Logic and Digital Systems: In the world of today, computers exist to make our lives easier. Their language, however, is only restricted to 0’s and 1’s. Computers cannot understand anything else, so how is it that you’re able to watch cat videos on the internet? These input 0’s and 1’s are carried through logic gates, generating new output messages (again in 0’s and 1’s), which when specifically programmed, will carry out a certain command. For example, memory. All your music and pictures are stored in sequences of 0’s and 1’s, after all.

Mathematics 1: From functions, to vectors and complex numbers, to calculus. This module is crucial in any sort of engineering, as it will help to design any parts needed for our bionic limb, but also to help us understand the world around us, like propagation of action potentials in our nervous system as waves. We will be continuing this module in the Spring term.

Medical Science 1: Bioengineering is all about improving the health of human beings, but to do that, we need to understand how certain aspects of the human body function. Whether we want to design a bionic limb (I know I keep mentioning this, but this is my goal as an aspiring biomedical engineer), build a pacemaker or model the circuitry of the brain, we need to obtain deep understanding of the physiological concepts.

Mathematical Tools, Vibrations & Waves: The light emitted from the screen where you are reading this is an electromagnetic wave that travelled across air and to your retina. But can we model its motion and path? Starting with mathematical principles, moving on to oscillations and finally wave motion in transmission lines, this will be one of the most interesting modules you’ll get. We mainly covered the propagation of voltage and current waves in circuits containing resistors, inductors and capacitors, and later transmission lines, which can be compared to the nerves in your body.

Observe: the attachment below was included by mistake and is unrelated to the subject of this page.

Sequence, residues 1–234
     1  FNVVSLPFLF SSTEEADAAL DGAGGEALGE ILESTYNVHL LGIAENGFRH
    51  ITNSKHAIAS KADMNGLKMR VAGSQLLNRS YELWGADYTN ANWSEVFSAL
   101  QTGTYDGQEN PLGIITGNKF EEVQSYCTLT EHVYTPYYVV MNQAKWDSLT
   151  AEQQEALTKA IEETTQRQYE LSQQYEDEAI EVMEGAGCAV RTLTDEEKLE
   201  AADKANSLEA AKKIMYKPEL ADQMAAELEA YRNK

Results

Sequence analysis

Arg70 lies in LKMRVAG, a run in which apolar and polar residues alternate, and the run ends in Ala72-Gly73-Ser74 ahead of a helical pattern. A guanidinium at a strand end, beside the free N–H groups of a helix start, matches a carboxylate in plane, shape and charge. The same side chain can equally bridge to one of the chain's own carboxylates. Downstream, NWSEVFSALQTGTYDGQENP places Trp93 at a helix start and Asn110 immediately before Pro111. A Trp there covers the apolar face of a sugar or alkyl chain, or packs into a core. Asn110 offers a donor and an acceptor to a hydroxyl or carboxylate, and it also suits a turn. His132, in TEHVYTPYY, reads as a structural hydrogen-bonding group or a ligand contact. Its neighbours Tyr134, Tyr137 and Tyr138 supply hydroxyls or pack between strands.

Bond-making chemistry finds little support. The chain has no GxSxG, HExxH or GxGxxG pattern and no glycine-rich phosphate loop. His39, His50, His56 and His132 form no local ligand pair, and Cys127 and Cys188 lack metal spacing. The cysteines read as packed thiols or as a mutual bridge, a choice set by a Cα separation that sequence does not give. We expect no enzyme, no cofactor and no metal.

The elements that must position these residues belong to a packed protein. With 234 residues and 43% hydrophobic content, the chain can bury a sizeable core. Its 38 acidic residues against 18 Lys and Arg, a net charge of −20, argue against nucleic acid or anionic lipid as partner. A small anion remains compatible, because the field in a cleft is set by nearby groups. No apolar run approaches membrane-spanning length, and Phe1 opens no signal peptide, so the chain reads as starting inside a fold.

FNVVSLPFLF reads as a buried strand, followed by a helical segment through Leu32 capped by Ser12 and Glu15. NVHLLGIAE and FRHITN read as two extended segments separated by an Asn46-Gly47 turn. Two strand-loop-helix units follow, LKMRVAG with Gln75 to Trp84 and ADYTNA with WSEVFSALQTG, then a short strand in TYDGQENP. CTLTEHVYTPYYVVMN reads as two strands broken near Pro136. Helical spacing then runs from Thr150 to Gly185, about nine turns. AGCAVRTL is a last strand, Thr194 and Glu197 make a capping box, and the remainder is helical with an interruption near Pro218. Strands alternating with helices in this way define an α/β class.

Walking & Running: This module involved executing an experiment very early in the term; in fact, the first week. Through laughing at how your peers walk and working with them to make a presentation, you will learn about the basics of how humans walk or run, and what implications this has on our joints.

As an Imperial student, I also got the chance to take an Horizons course, and for this term I chose Global Challenges: The World Today.

The course involved identifying various challenges, or issues, the humans of the world are facing. Different groups work on different challenges, and report our findings back on a wiki page that we write ourselves. From scratch. Sounds great, right?! I believe the purpose of this scheme is to expand our knowledge about something else than our degree subject. I know I did, as my group investigated the occurring refugee crises, most especially the ongoing Syrian refugee crisis.